August 27th, 2020 / 10:11 am


At some point, I started to notice I wanted to modify adverbs with a word before the adverb. Instead of writing, “He quickly ate the mango in a distracted manner,” I wanted to write, “He distractedily quickly ate the mango,” because, among other reasons, I wanted to be more concise. 

I talked to some people about this a little. In 2018, for example, I tweeted this. Later, I named the new-seeming type of word “ily” because to use it you just add “ily” to the word you want to become an “ily.”

An “ily” is a word that qualifies—or adverbs—an adverb. I was going to put ilies in my next novel, and had some in it for a while (“acceleratingily increasing complexication,” “unconsciousily habitually dissimulating”), but then took them out. 

More examples:

She put the large door—that we’d found and carried around—endearingily awkwardly in front of the home area.

A longily concisely written account of skydiving.

Tags: ,


  1. Elijah

      bro this is already what suffixes do? lol

  2. Mira Gonzalez

      i’d like to recommend the name “adadverb” for this new type of word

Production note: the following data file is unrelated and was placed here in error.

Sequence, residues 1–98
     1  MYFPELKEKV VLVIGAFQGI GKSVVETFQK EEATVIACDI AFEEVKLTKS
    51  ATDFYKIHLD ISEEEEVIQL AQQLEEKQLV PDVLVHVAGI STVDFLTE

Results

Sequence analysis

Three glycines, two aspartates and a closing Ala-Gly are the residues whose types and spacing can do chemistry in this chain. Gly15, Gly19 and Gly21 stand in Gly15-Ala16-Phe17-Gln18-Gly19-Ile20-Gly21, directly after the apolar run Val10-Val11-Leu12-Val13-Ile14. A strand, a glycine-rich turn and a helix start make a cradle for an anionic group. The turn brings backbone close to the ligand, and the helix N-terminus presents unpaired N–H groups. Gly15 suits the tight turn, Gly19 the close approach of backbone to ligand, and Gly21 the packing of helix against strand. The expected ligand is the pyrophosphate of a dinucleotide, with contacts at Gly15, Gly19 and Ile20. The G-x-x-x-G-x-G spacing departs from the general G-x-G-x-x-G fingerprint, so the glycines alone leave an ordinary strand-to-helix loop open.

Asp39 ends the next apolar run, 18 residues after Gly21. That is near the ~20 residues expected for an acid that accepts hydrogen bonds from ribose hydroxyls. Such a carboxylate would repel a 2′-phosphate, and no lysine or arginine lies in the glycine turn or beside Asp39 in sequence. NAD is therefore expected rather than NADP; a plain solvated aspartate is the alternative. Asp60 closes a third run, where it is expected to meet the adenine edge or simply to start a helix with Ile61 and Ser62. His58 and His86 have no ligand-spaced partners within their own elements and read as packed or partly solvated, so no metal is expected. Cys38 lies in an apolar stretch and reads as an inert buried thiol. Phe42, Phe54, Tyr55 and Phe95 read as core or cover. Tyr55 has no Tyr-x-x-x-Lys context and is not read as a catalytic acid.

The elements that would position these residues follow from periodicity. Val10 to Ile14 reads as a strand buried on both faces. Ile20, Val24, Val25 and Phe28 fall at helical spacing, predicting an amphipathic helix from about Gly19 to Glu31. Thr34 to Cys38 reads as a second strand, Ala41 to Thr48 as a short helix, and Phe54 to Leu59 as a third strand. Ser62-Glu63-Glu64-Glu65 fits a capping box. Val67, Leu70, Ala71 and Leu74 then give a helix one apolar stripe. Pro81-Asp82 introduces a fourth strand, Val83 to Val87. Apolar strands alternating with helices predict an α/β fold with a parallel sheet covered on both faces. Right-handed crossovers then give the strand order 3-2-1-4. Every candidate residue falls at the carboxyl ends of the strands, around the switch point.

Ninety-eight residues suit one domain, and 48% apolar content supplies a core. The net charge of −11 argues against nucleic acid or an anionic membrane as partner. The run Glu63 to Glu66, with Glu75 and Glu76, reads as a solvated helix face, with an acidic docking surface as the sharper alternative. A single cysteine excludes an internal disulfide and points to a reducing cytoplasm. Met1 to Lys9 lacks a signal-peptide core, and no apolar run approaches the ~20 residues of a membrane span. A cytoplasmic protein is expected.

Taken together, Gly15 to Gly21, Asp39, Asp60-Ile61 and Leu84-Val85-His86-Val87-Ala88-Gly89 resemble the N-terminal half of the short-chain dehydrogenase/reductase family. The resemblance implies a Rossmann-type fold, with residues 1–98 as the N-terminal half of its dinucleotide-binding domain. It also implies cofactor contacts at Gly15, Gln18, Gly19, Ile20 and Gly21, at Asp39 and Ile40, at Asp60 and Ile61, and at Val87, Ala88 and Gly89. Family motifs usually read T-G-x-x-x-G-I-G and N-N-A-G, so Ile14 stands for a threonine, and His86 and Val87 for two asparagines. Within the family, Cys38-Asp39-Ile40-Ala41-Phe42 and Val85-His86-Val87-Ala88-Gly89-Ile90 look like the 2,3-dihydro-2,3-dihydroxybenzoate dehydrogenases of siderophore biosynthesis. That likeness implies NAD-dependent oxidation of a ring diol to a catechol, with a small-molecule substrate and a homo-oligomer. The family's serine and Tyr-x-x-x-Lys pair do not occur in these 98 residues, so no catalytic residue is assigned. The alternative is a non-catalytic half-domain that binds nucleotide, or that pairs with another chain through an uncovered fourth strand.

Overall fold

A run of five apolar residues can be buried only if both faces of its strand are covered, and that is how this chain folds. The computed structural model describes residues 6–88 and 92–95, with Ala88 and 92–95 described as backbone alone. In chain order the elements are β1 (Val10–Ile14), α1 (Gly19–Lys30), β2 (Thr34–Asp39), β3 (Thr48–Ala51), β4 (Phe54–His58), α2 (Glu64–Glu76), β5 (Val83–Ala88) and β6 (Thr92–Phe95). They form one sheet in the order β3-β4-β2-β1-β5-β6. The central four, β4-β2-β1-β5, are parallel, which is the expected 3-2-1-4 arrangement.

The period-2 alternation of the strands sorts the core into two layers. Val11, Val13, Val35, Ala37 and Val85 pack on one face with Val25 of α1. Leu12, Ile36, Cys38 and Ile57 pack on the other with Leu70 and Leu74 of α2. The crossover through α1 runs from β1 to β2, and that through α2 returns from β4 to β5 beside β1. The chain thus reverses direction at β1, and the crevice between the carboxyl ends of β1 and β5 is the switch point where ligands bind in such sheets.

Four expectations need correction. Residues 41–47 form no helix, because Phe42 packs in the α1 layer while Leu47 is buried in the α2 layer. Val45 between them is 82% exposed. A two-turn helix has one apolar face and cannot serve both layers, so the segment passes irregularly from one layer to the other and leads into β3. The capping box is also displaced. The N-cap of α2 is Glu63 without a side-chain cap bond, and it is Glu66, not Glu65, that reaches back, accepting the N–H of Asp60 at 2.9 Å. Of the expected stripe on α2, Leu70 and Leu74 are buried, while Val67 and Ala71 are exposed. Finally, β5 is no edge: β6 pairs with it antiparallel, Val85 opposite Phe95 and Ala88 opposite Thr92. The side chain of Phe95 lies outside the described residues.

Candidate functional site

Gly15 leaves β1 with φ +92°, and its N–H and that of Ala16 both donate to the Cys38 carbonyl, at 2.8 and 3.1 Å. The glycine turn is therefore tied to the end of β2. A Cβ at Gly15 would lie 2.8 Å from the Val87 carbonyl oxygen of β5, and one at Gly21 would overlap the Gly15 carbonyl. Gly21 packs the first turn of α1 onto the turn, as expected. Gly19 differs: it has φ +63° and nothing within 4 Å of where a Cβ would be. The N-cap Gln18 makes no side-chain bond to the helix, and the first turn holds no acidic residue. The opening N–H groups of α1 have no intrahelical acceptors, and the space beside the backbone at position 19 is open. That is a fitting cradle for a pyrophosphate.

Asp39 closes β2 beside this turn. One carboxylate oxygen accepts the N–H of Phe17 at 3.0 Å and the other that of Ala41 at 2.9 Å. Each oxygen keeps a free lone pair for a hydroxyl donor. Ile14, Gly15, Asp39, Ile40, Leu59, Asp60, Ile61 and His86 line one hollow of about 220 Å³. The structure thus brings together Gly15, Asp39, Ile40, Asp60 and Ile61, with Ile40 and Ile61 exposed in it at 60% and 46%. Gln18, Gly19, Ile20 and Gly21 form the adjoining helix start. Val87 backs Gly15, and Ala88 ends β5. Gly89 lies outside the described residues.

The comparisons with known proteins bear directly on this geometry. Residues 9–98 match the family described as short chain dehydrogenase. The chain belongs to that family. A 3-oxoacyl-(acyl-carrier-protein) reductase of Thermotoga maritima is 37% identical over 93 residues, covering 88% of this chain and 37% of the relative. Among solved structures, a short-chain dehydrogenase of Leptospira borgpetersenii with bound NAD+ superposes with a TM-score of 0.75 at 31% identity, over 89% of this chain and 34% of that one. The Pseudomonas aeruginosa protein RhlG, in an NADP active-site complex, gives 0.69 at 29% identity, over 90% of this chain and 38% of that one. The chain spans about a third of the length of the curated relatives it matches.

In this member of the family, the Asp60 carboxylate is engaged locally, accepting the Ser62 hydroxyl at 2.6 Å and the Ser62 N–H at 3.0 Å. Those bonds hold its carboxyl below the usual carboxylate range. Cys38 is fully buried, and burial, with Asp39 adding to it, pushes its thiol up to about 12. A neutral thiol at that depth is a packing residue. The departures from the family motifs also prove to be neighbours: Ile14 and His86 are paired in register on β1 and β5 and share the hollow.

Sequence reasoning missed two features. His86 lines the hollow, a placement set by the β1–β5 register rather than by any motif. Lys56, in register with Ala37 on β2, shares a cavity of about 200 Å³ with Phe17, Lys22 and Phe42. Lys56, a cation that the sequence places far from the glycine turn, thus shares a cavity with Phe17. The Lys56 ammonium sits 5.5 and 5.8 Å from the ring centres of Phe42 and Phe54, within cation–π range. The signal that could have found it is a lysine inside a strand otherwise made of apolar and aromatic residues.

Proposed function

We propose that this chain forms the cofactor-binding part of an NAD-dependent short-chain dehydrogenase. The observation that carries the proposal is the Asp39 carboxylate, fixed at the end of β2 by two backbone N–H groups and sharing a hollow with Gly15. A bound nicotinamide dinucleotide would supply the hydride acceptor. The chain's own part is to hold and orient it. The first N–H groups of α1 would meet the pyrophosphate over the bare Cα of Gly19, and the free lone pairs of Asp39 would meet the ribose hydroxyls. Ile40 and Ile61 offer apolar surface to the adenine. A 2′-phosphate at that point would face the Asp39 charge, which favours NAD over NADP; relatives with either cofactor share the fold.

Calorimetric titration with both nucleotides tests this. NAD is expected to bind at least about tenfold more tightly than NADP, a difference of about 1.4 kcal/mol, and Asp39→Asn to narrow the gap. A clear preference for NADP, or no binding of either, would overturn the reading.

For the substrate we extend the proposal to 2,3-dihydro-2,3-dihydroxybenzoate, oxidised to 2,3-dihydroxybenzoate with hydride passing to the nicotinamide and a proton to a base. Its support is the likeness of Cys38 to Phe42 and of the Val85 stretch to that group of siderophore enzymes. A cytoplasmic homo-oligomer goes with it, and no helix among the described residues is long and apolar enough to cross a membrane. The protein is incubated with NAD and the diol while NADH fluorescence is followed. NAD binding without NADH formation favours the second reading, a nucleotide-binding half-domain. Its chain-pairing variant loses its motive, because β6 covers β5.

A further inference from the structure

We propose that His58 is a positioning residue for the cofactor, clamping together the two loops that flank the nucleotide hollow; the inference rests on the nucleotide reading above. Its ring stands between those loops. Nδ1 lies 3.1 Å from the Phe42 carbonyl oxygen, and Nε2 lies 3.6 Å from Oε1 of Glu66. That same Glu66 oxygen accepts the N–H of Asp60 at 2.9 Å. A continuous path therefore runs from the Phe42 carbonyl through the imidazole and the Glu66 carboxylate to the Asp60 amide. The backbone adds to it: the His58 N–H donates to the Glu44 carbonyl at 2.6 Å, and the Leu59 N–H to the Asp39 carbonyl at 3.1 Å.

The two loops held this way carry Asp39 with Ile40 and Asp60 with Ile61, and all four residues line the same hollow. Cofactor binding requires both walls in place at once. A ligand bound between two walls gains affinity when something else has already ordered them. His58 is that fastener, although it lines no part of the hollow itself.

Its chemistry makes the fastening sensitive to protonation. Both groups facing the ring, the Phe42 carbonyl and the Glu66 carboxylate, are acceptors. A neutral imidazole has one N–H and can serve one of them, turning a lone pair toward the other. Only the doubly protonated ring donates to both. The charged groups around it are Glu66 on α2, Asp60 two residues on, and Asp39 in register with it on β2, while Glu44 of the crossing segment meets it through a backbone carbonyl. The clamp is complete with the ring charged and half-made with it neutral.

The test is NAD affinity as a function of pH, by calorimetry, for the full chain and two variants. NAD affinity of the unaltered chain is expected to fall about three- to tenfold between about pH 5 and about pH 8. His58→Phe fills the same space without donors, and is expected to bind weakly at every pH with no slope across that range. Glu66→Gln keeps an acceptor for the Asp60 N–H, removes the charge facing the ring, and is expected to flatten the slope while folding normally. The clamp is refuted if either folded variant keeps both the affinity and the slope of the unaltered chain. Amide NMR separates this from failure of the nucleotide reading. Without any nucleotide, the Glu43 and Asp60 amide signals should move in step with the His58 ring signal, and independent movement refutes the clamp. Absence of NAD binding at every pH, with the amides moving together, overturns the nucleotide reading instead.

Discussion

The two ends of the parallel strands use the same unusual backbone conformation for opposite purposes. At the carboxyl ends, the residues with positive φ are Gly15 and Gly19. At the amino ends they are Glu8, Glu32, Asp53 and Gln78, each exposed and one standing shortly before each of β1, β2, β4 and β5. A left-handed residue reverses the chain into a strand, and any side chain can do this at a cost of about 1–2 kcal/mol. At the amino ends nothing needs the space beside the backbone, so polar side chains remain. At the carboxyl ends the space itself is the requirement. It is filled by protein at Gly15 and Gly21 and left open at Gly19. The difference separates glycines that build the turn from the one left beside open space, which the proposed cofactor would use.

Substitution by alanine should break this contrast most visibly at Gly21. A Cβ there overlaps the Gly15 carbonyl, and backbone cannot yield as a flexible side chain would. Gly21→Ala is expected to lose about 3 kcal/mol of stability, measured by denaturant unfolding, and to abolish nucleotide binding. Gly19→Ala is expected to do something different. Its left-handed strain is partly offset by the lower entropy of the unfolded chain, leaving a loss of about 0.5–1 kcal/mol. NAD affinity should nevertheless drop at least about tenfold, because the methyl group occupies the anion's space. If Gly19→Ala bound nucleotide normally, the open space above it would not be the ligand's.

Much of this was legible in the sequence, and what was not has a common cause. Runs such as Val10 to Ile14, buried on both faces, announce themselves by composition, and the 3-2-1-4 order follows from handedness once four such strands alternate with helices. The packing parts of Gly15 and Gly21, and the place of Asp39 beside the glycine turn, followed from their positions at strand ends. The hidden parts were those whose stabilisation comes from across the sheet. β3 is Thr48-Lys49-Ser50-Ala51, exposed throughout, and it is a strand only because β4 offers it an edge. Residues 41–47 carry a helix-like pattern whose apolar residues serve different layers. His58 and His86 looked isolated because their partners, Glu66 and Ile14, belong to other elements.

3. tao lin

      There isn’t a suffix that is “ily” yet though, right? There’s “ly” and other ones like “er” and “est” but not “ily” from what I can tell.

  4. tao lin

      “Distractedly” exists as an adverb, but you can’t modify other adverbs with it, unless you want to write, “He distractedly quickly ate the mango,” which doesn’t seem as good as “He distractedily quickly ate the mango” to me.

  5. willis plummer

      picturing high school english teachers having to explain adadverbs

  6. tao lin

      Good recommendation. Could be shortened to “adad.”

  7. tao lin

      “He distractedilyily distractedily quickly ate the mango.”

      This is another benefit of ilies/adadverbs, I feel. You can keep modifying the ily endlessly.

  8. willis plummer

      in the before times you would have to write ‘he ate the most hungrily’ but now you can superlative an adad and simply state ‘he ate hungrilyest’

  9. tao lin

      This seems advanced and intriguing. Haven’t thought of this before. You should be the first adad scholar.

  10. Mira Gonzalez

      if you wanted to turn “happily” into an adadverb, would it be “happilyily” ?

  11. tao lin

      It could be that, or it could also, I think, be “happyily.”

  12. willis plummer

      and happyilyily is the adadadverb

  13. willis plummer

      another opportunity is ‘she ate hungrilyer than her brother’

  14. D.C. Park